Animal Reproduction (AR)
Animal Reproduction (AR)
Conference Paper

Luteolysis in the cow: a novel concept of vasoactive molecules

A. Miyamoto, K. Shirasuna

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The corpus luteum (CL) undergoes drastic changes in its function and structure during the estrous cycle. To secrete a sufficient amount of progesterone (P4) to ensure the occurrence of pregnancy in a cow with a body weight greater than 500 kg, the bovine CL weighs 5-8 g which is 2-3 thousand times heavier than rat CL. If pregnancy does not occur successfully, rapid luteolysis is caused by prostaglandin F2α (PGF2α) that is released from the endometrium around days 17-19 of the estrous cycle in the cow. Thus, it is clear that the bovine CL lifespan is controlled by well-coordinated mechanisms. As the CL matures, the steroidogenic cells establish contact with many capillary vessels, so that the CL is composed of a large number of vascular endothelial cells that can account for up to 50% of all cells in the bovine CL. Also, luteal endothelial cells secrete several vasoactive substances such as PGF2α, nitric oxide, endothelin-1 and angiotensin II that regulate blood flow as well as P4 secretion in an autocrine/paracrine manner within the CL. Therefore, blood vessels and endothelial cells within the CL have an essential role in luteal function in the cow, suggesting that the study of vasoactive molecules from the CL is of great importance to give an insight into systems which regulate luteolysis locally. In the present review, we describe novel concepts on the luteolytic mechanisms in the cow, with emphasis on luteal blood flow and vasoactive molecules.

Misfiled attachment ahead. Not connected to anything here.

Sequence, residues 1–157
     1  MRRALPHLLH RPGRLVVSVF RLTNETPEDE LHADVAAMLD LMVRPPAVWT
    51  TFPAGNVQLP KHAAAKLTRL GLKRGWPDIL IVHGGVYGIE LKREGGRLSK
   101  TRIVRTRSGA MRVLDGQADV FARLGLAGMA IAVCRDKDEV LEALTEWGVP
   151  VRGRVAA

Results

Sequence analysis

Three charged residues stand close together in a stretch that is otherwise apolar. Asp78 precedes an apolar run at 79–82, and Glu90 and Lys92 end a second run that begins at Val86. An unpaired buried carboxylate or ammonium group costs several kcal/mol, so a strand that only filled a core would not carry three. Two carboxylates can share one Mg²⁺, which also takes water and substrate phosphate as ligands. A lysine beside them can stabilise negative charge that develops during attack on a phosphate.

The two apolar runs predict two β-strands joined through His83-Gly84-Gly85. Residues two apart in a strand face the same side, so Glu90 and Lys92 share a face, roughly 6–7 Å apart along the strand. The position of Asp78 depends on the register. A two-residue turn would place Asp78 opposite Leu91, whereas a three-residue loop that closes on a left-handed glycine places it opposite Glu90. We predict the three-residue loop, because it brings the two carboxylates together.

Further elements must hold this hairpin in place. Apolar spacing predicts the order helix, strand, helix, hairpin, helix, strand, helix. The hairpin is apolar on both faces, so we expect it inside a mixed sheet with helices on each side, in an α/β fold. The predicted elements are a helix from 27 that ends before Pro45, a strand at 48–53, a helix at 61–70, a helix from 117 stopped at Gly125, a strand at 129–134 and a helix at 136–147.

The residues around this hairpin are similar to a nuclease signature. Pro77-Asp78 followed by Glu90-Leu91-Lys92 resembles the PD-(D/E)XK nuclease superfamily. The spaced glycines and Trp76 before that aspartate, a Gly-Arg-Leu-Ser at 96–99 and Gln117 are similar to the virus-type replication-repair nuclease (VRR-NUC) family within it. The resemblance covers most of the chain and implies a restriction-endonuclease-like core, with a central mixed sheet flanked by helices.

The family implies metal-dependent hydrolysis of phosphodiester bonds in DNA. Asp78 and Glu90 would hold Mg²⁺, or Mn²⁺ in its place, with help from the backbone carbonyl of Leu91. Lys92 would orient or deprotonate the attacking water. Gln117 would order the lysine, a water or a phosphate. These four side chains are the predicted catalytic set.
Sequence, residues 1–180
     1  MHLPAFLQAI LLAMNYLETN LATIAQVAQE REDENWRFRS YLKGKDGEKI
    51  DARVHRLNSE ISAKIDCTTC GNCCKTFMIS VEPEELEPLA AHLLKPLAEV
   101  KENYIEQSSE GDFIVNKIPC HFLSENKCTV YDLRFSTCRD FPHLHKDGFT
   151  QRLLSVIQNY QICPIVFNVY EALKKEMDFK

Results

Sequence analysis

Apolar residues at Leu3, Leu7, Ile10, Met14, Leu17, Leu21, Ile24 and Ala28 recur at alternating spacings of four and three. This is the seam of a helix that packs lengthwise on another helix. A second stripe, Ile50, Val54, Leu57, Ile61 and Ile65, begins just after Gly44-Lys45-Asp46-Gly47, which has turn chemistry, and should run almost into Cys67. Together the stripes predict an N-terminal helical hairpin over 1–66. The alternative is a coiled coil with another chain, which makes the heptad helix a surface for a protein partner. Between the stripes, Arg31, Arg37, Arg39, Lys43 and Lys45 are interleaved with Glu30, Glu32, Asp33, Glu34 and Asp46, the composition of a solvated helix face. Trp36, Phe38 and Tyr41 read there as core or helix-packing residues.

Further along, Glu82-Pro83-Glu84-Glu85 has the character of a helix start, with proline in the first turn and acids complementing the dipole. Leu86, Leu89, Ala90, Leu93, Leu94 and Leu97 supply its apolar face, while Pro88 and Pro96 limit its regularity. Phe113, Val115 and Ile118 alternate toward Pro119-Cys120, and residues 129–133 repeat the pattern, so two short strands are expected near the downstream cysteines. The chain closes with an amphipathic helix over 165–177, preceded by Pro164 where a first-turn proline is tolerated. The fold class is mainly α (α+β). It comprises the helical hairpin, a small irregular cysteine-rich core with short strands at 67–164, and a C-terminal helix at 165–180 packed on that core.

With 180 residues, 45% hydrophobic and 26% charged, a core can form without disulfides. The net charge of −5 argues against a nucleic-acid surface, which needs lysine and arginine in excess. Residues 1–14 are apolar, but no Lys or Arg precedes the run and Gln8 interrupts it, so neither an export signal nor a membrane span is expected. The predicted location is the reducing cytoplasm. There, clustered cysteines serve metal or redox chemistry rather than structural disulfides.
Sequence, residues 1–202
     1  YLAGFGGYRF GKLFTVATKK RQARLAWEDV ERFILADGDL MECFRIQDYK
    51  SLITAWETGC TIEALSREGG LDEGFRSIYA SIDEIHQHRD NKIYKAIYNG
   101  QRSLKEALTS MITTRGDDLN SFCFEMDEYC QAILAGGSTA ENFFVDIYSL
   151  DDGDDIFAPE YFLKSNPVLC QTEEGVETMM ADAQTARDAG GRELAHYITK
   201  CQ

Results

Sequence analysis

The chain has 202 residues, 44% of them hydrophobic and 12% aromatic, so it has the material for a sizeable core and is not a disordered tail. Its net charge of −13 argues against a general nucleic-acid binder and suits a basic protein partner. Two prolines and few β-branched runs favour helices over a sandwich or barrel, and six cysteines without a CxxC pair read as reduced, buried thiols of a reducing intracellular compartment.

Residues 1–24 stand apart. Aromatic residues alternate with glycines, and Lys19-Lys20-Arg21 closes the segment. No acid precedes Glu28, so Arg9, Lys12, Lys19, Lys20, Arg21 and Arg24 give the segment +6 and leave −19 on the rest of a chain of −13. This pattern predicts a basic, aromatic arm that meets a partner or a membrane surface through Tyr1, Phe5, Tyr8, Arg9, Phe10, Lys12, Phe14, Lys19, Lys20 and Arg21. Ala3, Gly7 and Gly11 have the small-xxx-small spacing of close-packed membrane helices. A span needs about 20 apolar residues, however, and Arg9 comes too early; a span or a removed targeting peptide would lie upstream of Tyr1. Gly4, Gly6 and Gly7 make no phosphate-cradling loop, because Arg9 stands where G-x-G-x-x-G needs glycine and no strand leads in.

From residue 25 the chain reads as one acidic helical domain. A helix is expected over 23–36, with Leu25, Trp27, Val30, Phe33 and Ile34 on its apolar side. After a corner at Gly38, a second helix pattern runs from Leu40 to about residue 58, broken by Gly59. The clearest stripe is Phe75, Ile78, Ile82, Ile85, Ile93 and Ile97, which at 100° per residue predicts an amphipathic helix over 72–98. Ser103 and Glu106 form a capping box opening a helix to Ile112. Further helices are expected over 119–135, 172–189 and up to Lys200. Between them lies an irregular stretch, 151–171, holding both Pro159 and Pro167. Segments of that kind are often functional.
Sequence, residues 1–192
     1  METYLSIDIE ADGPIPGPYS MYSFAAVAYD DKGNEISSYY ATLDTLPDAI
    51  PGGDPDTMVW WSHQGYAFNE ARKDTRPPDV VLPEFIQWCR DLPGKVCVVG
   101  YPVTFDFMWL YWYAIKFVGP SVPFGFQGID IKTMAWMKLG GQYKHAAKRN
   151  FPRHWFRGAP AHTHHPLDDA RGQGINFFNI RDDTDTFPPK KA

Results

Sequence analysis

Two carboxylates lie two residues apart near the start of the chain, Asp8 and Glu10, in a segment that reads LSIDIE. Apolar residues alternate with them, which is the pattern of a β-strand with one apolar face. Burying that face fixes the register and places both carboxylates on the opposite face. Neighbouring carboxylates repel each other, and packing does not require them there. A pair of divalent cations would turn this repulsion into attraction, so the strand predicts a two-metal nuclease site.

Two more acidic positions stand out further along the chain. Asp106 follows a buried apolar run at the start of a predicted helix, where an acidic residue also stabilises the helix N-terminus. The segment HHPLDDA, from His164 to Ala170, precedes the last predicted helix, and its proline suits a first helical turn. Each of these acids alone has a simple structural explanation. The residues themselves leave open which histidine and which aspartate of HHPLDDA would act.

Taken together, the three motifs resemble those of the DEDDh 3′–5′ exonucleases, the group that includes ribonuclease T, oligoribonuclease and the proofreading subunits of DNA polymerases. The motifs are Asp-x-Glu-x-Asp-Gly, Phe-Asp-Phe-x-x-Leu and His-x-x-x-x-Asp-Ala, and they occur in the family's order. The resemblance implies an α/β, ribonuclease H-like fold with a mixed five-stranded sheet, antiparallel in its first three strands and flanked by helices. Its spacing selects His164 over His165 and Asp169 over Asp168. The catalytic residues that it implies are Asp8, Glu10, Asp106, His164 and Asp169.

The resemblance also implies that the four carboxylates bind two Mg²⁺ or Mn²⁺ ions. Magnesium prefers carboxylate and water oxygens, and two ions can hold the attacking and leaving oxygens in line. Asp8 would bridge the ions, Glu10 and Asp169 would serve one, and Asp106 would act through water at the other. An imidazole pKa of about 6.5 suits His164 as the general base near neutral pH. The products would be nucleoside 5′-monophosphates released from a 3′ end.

endothelin-1, luteal blood flow, luteolysis, nitric oxide, prostaglandin F2α.
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